Friday, March 30, 2007

Something a bit different - patchwork

Dorothy (Palmer) is into patchwork as well as embroidery and has contributed these photos. She made the bag in the first pic for the EG Embroidery in Trust exhibition at Little Moreton Hall last summer. The 'stained glass' technique using black strips to outline the pieces features in this bag and in the quilts.
This bag uses a project that appeared in Stitch magazine involving stitching tucks with space-dyed thread, then stitching across them, pushing them together in alternate directions.

Magic tiles are rather clever. You begin with (here) 12 squares of 9 different fabrics. Piles are made of one of each fabric. Four cuts slice them across, making 9 pieces. These pieces are swapped around and made up into blocks with one piece from each fabric in each block. Look carefully and you'll see Dorothy has varied this a bit, to interesting effect.


Catching up . . .

. . . with the photos waiting to be posted:

1. Whitework example done at a Silk Museum workshop

2. Books made by Chris Harris, who has been coming to informal bookmaking classes run by me at home. She's used some small stitched samples on the covers.

Some more paisley blocks . .

. . . which will be on display as part of Celebration of Silk - Competition and Exhibition at the Silk Museum, Park Lane, Macclesfield 7th April 2007 – 12th May 2007 Monday to Saturday 11am – 5pm. Museum Admission Fee Charged.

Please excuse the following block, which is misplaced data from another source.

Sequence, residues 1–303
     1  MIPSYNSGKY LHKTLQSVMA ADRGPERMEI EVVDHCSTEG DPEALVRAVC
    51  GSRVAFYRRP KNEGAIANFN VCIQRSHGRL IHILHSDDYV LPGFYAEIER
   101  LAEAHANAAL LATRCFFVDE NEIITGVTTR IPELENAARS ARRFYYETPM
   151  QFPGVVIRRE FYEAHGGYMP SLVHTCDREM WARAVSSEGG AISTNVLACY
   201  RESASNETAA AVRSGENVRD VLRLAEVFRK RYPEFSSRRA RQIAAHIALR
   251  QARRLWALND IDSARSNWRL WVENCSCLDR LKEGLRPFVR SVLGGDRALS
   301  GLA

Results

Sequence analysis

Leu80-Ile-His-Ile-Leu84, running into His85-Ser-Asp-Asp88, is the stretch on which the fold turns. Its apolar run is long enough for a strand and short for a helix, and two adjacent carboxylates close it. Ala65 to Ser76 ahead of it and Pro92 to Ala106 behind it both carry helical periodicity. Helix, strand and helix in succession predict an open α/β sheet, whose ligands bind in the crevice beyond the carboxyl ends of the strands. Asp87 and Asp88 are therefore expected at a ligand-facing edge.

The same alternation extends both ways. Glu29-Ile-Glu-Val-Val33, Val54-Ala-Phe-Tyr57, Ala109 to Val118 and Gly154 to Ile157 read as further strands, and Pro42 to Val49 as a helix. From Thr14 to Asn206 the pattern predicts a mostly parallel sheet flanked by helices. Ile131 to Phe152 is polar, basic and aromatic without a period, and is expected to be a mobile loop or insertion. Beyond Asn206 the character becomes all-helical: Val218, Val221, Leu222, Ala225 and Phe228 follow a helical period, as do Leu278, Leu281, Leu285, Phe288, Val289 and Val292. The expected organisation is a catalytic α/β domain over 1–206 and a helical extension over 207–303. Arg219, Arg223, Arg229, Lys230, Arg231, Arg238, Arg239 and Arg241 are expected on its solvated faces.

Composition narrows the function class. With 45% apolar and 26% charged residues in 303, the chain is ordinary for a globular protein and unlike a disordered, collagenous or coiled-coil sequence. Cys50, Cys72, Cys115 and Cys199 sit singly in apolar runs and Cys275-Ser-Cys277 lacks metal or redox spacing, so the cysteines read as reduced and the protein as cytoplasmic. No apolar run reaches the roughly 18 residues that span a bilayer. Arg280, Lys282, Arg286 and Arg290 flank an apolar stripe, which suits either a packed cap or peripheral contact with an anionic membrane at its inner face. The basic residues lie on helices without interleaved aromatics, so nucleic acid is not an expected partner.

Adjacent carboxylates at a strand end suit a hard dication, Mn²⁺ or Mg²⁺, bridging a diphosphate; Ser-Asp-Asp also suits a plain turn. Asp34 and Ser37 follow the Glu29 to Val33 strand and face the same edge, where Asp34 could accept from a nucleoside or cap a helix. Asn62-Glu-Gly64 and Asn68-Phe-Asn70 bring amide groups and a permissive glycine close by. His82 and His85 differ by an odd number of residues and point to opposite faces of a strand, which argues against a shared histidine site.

People keep adding to these embroideries. In May our meeting is another hands-on session where beads and embellishments will be added to any blocks whose makers have not seen enough of them already!

Labels: , ,

Japanese Folded Patchwork Dayschool

Hooray, the icons are back, so here are some images from the dayschool taught by our branch secretary Julie Eastman earlier this month.

Basically, in this form of patchwork, one shape is folded over another, enclosing some wadding, and stitched down decoratively. Here they have folded a circle over a square. The objective was to make enough squares to join by oversewing to make a bag. The contrast of border and central fabrics and the scope for decorative stitches make this sort of work very 'moreish'. Once constructed the square/block needs no more quilting. But further embroidery, beads etc can be added of course, as desired.

Other combinations of shapes can be used - square over square, circle over hexagon, for example.

Labels: ,

Saturday, March 17, 2007

No posts lately because blogger is being awkward - nothing will publish except what I put in the title slot! Apologies to all, please don't give up!